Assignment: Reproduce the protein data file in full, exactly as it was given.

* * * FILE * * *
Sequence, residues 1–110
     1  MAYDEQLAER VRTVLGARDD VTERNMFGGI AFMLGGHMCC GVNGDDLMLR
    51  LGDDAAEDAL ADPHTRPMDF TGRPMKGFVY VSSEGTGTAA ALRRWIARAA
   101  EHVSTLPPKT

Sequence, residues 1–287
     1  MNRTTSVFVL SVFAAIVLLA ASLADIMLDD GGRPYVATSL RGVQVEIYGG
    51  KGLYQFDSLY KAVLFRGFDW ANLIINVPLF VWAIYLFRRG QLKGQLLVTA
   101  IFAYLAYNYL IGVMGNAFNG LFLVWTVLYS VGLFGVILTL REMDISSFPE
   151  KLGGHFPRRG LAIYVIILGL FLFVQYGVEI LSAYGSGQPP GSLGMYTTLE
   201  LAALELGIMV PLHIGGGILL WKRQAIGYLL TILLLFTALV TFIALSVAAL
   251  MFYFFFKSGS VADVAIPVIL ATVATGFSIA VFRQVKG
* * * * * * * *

Sequence, residues 1–110
     1  MAYDEQLAER VRTVLGARDD VTERNMFGGI AFMLGGHMCC GVNGDDLMLR
    51  LGDDAAEDAL ADPHTRPMDF TGRPMKGFVY VSSEGTGTAA ALRRWIARAA
   101  EHVSTLPPKT

Sequence, residues 1–287
     1  MNRTTSVFVL SVFAAIVLLA ASLADIMLDD GGRPYVATSL RGVQVEIYGG
    51  KGLYQFDSLY KAVLFRGFDW ANLIINVPLF VWAIYLFRRG QLKGQLLVTA
   101  IFAYLAYNYL IGVMGNAFNG LFLVWTVLYS VGLFGVILTL REMDISSFPE
   151  KLGGHFPRRG LAIYVIILGL FLFVQYGVEI LSAYGSGQPP GSLGMYTTLE
   201  LAALELGIMV PLHIGGGILL WKRQAIGYLL TILLLFTALV TFIALSVAAL
   251  MFYFFFKSGS VADVAIPVIL ATVATGFSIA VFRQVKG